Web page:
ST. PAUL, Minn. (KTTC) -- The job is not yet done for lawmakers in St. Paul, as both the House and Senate continue discussion on the eighth day of Minnesota's legislative special session.
Lawmakers are still working out deals, from COVID-19 aid, to police accountability and reform. Time is ticking with a deadline to reach agreements on a number of pressing bills by the end the night Friday.
"Stay a few more days, we could get some amazing things done," said House Speaker, Rep. Melissa Hortman, (DFL) Brooklyn Park.
With the upcoming deadline, House and Senate DFLers are calling for Senate Republicans to reconsider its self imposed deadline.
"We have to go to a table and we have to negotiate. And negotiations are give in take," Hortman said. "Negotiations aren't here are a list of things we're willing to accept, see you later if you don't do it the way we want to do it. Minnesotans deserve more from us."
A lot of ground still to cover by 6:30 p.m. Overall, there were four major points of discussion. First, the COVID-19 aid bill, which would provide federal funding to Minnesotans. Next, items left over form the regular session, like the bonding bill -- which is a $2.6 billion bill designed to help build infrastructure and bring back lost jobs. Third, police accountability and reform, with a call to action amplified after the death of George Floyd at the hands of Minneapolis police in late May. Lastly, the economic devastation and destruction caused by the civil unrest following Floyd's death.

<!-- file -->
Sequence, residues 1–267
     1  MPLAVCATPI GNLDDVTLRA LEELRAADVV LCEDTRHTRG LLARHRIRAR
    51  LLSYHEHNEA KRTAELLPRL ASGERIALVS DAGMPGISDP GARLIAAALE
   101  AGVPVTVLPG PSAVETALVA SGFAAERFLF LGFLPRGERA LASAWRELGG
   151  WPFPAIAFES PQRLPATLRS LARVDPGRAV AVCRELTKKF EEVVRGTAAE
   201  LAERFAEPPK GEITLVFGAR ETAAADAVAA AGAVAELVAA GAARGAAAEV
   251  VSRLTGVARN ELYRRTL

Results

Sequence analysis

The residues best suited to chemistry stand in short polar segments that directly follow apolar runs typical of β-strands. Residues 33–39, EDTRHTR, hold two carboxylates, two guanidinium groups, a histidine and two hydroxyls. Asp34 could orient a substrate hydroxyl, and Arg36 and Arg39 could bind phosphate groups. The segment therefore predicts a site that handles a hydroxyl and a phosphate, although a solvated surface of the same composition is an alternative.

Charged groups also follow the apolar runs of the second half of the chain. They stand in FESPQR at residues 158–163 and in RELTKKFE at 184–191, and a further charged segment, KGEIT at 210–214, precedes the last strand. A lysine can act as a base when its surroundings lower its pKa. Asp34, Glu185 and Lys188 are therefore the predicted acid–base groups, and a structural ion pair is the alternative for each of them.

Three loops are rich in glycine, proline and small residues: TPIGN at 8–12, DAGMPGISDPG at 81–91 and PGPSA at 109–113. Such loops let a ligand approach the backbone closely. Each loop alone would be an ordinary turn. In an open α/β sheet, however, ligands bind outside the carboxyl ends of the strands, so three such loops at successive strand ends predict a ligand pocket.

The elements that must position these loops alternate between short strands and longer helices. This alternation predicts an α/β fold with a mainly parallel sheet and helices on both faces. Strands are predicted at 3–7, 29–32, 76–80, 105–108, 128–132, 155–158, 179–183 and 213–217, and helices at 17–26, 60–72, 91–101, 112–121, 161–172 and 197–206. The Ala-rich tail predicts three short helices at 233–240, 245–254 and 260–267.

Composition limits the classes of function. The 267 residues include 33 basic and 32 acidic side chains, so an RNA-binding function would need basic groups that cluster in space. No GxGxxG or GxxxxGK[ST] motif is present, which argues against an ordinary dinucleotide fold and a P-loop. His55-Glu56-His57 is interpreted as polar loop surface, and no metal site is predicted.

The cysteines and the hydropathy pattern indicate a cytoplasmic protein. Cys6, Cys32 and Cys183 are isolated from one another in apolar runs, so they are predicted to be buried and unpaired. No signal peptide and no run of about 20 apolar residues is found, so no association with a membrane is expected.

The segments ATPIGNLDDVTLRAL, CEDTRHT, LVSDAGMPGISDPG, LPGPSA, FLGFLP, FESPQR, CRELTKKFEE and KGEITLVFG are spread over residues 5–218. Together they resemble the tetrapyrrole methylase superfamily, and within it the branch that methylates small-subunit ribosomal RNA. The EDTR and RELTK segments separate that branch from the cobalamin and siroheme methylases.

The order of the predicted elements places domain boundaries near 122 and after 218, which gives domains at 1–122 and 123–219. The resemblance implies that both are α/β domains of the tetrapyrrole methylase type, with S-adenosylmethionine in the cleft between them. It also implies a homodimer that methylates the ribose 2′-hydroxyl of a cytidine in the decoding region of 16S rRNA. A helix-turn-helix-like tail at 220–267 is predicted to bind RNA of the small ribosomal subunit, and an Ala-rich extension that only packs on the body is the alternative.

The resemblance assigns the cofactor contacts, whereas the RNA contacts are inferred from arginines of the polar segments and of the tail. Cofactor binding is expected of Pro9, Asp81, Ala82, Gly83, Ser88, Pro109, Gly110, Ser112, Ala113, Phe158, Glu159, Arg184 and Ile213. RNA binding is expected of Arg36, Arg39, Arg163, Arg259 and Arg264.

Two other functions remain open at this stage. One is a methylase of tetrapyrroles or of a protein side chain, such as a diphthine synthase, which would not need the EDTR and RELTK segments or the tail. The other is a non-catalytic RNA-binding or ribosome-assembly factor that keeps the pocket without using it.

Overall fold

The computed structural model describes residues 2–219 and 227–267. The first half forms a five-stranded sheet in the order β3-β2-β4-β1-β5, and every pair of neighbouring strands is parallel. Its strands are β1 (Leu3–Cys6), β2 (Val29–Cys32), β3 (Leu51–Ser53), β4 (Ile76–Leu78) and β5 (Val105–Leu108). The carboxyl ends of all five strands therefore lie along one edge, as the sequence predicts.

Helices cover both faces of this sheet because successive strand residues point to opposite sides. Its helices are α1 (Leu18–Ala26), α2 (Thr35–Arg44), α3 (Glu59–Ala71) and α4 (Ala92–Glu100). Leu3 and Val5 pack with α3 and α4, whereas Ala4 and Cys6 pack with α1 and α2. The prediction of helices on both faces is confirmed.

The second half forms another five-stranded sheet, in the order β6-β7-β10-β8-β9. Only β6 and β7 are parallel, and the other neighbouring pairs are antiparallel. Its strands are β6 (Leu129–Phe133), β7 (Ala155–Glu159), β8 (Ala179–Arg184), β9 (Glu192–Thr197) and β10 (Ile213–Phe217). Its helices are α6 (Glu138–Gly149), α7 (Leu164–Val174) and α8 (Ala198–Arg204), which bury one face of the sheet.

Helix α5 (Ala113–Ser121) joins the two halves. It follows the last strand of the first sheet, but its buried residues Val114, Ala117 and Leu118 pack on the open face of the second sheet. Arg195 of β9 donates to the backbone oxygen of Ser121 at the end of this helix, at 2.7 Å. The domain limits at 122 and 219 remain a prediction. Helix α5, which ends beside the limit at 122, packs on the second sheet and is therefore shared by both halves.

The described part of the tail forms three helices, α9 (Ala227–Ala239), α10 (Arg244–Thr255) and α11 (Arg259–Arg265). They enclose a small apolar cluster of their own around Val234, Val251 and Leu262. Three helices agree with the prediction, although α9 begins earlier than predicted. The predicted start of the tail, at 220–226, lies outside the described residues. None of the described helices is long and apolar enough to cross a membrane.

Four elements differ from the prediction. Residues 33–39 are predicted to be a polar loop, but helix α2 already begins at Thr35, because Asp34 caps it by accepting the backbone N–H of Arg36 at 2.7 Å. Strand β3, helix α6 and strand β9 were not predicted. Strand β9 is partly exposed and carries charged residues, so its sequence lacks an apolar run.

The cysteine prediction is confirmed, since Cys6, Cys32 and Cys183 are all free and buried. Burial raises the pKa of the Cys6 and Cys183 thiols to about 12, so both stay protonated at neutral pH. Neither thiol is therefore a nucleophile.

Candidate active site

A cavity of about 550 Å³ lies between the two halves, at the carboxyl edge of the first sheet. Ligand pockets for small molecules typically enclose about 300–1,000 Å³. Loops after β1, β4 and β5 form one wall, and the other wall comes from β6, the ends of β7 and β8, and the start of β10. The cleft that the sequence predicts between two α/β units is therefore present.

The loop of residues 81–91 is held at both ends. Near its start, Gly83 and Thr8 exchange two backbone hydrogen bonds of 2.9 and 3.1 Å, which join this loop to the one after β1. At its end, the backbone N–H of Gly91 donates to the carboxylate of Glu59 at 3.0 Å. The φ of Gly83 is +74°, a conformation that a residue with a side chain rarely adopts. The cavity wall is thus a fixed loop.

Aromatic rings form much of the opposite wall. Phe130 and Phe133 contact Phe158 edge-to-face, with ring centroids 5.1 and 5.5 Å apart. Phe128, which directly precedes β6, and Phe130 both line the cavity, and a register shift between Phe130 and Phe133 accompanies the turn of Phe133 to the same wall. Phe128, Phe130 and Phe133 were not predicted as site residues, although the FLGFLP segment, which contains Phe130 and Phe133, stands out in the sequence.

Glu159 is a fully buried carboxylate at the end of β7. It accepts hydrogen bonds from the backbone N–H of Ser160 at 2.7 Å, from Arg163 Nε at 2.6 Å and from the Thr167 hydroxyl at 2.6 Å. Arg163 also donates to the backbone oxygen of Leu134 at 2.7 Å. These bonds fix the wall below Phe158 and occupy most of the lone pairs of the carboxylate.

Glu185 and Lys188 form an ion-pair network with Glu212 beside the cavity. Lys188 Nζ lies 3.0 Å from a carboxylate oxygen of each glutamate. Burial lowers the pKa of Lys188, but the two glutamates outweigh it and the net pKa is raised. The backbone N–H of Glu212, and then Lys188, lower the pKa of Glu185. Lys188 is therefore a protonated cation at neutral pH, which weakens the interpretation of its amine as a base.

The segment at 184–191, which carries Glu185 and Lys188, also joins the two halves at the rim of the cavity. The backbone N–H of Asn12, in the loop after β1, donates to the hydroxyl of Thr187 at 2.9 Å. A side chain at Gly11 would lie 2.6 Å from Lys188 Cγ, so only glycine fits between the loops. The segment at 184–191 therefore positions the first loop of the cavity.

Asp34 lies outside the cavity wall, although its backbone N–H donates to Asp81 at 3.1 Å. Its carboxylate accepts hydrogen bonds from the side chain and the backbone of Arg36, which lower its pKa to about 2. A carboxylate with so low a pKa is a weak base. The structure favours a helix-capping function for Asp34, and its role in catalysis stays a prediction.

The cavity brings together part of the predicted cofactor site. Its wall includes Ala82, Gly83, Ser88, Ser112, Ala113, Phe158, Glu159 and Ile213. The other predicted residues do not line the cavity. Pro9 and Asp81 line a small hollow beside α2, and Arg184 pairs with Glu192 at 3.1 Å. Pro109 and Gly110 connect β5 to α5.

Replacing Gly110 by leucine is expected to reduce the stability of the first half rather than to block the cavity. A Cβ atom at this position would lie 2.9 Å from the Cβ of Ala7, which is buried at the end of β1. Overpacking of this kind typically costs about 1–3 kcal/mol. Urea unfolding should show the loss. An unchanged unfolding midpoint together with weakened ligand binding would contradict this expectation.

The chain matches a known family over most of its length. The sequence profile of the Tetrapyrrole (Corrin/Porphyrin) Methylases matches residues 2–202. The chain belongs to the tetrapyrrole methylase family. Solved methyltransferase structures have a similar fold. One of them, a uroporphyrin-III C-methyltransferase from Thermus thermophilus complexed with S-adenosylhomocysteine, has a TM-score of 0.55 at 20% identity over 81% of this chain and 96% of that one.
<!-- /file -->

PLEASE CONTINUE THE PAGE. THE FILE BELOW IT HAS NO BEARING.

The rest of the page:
Some feel like eight days is not enough to thoroughly cover everything.
"It's just too soon to go home, on the Senate side we have not finished our work yet and its impossible to see how we will finish before this arbitrary deadline that has been described as midnight tonight," said Minority Leader Sen. Susan Kent, (DFL) Woodbury, in a press conference. "There is, as you've heard, urgent and immediate work in front of us, like the robust bonding bill that has gone through a very public process and is in its final stages of negotiation and immediate social justice reforms."
Friday morning, just after 1 o'clock, House Democrats passed sweeping bills on police accountability. Friday evening, a bill providing state assistance to individuals, nonprofits and businesses impacted by civil unrest was also passed.
Majority Leader, Sen. Paul Gazelka, (R) Nisswa, was expected to speak at 4 o'clock Friday, but the press conference was postponed. Gazelka has made it clear that the special session will end Friday night, despite pleas from DFL lawmakers to extend the deadline.
Gov. Tim Walz does have the power to call lawmakers back. At this point, it is unclear whether or not that will happen.